Pres. Obama's Census power play hits paydirt....
One of the first acts of the Obama administration in 2009--less than one month into the new president's term--was to move the Census Bureau supervision into the White House. This enabled what has just taken pace, ginning up phony ObamaCare numbers.
As reported by the New York Times:
An internal Census Bureau document said that the new questionnaire included a “total revision to health insurance questions” and, in a test last year, produced lower estimates of the uninsured. Thus, officials said, it will be difficult to say how much of any change is attributable to the Affordable Care Act and how much to the use of a new survey instrument.
“We are expecting much lower numbers just because of the questions and how they are asked,” said Brett J. O’Hara, chief of the health statistics branch at the Census Bureau.
In fact, the Times reported that a test of the new methods revealed a 10.6 percent uninsured rate, whereas the old numbers came to 12.6 percent. That’s a significant difference.
The WSJ editors note that Team Obama could have done what it did for poverty figures: run the old & new systems parallel for a few years to see how the data compare:
It would have been less disruptive to either delay the update or else to run the old and new CPS in parallel for a few years. As we wrote Wednesday, the second option would preserve the value of three decades of old information, while still producing more accurate statistics going forward.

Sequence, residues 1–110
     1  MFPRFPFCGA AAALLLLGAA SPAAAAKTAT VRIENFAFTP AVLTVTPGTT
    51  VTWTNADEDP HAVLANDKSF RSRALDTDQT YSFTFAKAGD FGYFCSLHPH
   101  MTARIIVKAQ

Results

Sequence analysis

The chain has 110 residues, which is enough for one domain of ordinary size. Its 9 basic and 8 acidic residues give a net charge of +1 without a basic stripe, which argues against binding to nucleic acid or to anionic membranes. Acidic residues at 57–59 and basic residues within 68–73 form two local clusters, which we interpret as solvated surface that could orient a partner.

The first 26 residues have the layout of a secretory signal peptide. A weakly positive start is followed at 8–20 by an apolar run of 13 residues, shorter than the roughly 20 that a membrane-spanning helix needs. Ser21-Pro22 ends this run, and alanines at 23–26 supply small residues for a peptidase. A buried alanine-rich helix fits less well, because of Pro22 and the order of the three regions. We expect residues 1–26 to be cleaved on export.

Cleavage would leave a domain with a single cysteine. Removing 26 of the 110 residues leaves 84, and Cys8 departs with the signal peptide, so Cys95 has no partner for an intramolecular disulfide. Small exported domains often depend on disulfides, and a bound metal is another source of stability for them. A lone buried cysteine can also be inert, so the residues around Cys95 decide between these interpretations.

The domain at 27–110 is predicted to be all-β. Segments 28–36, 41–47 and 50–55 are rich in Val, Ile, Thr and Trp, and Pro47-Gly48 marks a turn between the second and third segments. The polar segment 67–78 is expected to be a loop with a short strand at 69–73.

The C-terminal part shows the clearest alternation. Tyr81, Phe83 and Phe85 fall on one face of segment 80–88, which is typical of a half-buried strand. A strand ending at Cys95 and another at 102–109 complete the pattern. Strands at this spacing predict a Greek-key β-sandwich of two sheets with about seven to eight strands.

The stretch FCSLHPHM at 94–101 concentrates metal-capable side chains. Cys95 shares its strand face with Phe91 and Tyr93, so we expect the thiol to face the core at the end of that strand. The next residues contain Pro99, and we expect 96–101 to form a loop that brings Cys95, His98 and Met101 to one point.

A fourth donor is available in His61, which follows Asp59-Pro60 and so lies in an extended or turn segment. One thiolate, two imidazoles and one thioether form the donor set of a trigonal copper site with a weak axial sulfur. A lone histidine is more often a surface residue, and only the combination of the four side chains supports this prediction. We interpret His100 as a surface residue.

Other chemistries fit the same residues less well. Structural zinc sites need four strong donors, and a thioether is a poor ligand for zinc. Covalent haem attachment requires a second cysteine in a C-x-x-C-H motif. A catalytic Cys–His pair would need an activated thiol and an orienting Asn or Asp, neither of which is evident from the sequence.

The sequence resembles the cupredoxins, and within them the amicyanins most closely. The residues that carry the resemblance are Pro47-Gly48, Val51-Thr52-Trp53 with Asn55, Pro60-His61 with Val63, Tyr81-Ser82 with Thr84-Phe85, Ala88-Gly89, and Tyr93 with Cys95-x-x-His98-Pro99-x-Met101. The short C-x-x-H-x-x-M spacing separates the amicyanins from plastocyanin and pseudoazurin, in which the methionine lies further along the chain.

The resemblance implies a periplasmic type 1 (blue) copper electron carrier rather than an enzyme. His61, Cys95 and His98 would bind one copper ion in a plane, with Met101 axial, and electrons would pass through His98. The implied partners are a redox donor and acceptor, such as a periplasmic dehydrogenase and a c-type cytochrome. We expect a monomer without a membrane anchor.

We've since learned that this hybrid method is precisely what the Census Bureau proposed to do for its data collection about income and poverty in the Annual Social and Economic Supplement, or ASEC. Census announced this change at the same time it proposed the new health insurance questions in the Federal Register in September 2013.
Let the Census explain: "The ASEC 2014 data collection instrument will have a split-design structure, with two separate treatments for the income-related section. . . . Five-eighths (5⁄8) of the sample will have income questions from the 'traditional' design, while three-eighths (3⁄8) will have income questions from the 'redesigned' ASEC. This split-design will enable Census Bureau analysts to create a 'cross-walk' when analyzing the effects of the redesigned ASEC on income and poverty estimates."
Put simply, the number of uninsured will be conveniently lower--just in time for--hmmmm--the 2014 mid-term elections. And O-Care will follow the path now being trod by Vermont's single-payer Green Mountain Care: soaring expenses with no funds to cover.
Bottom Line. Census data burrows into every nook and cranny of our lives. The possibilities for manipulation ISO political gain are infinite. And this administration will try to take advantage of very one of them. Nor can successor administrations be counted upon to rescind such abuses. They will, likely, commit more of the same. Of government bureaucrats it can be said, borrowing the Victorian wit of Oscar Wilde, they "can resist anything but temptation."
Letter from the Capitol, LFTC, Economy, Comservative Politics